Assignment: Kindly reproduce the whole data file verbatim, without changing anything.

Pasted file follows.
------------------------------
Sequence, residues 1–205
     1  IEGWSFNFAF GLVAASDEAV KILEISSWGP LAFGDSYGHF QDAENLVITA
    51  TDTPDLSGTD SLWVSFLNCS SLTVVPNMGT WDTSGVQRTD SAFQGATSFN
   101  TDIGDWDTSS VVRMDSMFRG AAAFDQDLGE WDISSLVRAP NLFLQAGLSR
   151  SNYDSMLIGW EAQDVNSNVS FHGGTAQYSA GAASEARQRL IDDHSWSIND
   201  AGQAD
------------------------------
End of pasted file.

Sequence, residues 1–205
     1  IEGWSFNFAF GLVAASDEAV KILEISSWGP LAFGDSYGHF QDAENLVITA
    51  TDTPDLSGTD SLWVSFLNCS SLTVVPNMGT WDTSGVQRTD SAFQGATSFN
   101  TDIGDWDTSS VVRMDSMFRG AAAFDQDLGE WDISSLVRAP NLFLQAGLSR
   151  SNYDSMLIGW EAQDVNSNVS FHGGTAQYSA GAASEARQRL IDDHSWSIND
   201  AGQAD